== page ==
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Chronicle of the NonPop Revolution


 
The Essay
Show #475
Rain Dance
David Gunn

High atop the mesa, Beano Bengaze is dancing a rain dance. Dressed in full Algonquin shaman regalia, he is an imposing sight, especially with the gilded adobe hat perched rakishly on his head, its operational tentacles dangling nearly down to the ground. Bengaze learned the basics of the dance at a one-day Meteorology and Terpsichore seminar presented by the Arthur Murray Dance Studios at the University of Hummock-on-Smythe in southwesternmost Lincolnshire last December. The instructor taught the basic dance steps and incantations--then he encouraged all of the attendees to personalize the ceremony, give it an individual character different from that of anyone else. For Beano, that meant adding equal parts bop, boogie and blepharospasms. The resulting mélange of gesticulations and gyrations--occasionally enacted out-of-body--at times appear silly, so he rarely performs in front of an audience. Such is the case today. With the exception of Tabouli, his young assistant charged with flinging the bulgur at the appointed moment, he is alone atop the mesa.

Beano clicks his heels together seven times, which ends the dance routine called "Spirit Dog Waters the Hydrant." Now he faces the east, the direction from which Rando the Rainmaker traditionally appears. In the distance he spots a flock of storm petrels. The birds do not augur rain necessarily, but they do make excellent hors d'oeuvres. He picks up his divining rod, but before he can hurl it, a great storm suddenly blows in from the west. The dance worked--the crops are saved! Or are they? The raindrops are cold, hard and black. The workshop speaker had said that when the rain falls black, somewhere a mighty warrior has been slain, and the gods are shedding tears of both sorrow and anger. Beano, too, senses death, but not from a warrior. Rather, he recalls that he had left his lights on and deduces that, by now, his car's battery is dead.

The rain increases in intensity. Visibility decreases coincident to the rain's output. As he dashes for shelter, he almost collides with Tabouli, who is standing nearby clutching the bulgur in one hand and a macramé mackerel in the other. He peers at her and notices a large red dot between her eyes. Either she has abruptly gone Hindu and now sports a bindi, or she is showing the first signs of measles. Upon closer examination, he notices that the rain is causing the dot to run, which he and Tabouli then do. They reach the shelter--a large, hollowed-out cow on the edge of the mesa--just as the overhead cloud bursts, spilling its contents: rainwater, ambergris, mucilage, scoria and a very confused hedgehog. Rando the Rainmaker seems to have plenty of product at his disposal this time. While Beano reviews his notes to see if he may have overdone any of the sections of the dance, Toubouli holds the macramé mackerel out in the rain. It sucks up moisture like a spongioblast and swells to five times its normal size. The fish is too unwieldy now for her to hold, so she sets it down on the ground, whereupon it sneezes, then lumbers off into the inky wetness.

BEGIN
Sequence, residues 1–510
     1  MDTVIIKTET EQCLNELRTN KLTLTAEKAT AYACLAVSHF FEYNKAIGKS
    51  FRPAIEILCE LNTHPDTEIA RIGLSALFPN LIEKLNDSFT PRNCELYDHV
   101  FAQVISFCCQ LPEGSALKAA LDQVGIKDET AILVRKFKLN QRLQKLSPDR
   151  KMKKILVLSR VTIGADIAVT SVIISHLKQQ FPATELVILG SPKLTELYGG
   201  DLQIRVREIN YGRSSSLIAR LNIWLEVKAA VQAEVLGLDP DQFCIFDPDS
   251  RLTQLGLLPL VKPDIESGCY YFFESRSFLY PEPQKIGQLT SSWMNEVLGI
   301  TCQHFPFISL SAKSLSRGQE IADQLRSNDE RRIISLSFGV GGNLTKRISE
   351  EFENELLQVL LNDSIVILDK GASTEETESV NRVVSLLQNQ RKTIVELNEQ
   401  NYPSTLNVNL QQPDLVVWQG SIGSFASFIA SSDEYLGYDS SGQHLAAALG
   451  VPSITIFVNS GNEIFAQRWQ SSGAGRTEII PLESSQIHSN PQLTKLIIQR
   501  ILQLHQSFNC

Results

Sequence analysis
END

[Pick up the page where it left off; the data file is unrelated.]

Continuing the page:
Convinced that he followed his script precisely, Beano attributes his watery largesse to a prank by Weasel Slayer, the bi-nosal warrior ancestor of Otto Lummer. As the shaman sniffs the air, he detects traces of aspartame and protactinium, sure signs that the mischievous spirit god has been in the neighborhood. But Weasel Slayer can also be a big help in times of need, and Beano resolves to forgive him in case his car needs to be jump-started.

A week passes. The rain continues to fall, as hard and black as ever. The waterlogged cow has sprung leaks in a dozen places. Numerous crops pass by caught in a relentless debris flow. Beano has not found Weasel Slayer, and his car's battery is still dead. He has, however, discovered that the mesa is honeycombed with rich veins of naturally occurring aspartame and protactinium. With these and other ingredients autochthonous to the mesa--including remnants of the macramé mackerel, Tabouli's bulgur and generous dollops of mildew--Beano has concocted several fine stir fries. He has tried to keep a positive outlook on the situation, but secretly he is kicking himself for skipping the seminar's last workshop, "Nullifying Those Pesky Ill Effects."

Suddenly, he has a vision. He is looking down upon the mesa from way up high--say, from a hedgehog in a cloud's viewpoint. The hollowed-out cow has been replaced by Weasel Slayer, who points emphatically at Beano's adobe hat. The spirit god next points to the rain, then, employing a flurry of hand shadows, he describes an object red and octagonal. Perplexed, Beano rewinds the vision and watches it again. This time, Weasel Slayer performs the hand shadows slowly, and Beano instantly recognizes the universal traffic sign for "stop." And now he knows what he must do.

"Stop!" pantomimes Beano with his adobe hat's tentacles. The rain promptly complies. Well, that was easy. The shaman adds an organic matter reference to the gesture, and the debris ceases its flow. Finally, he distills the complicated gesture of jump-starting a battery down to "Go!" and his car starts right up. Would that all problems be so simply solved!

The problem of today's 475th episode of Kalvos & Damian's New Music Bazaar is likewise easily solved with the convenient appearance of a prerecorded eleven-month old interview along with its 664-month-old handler, Kalvos.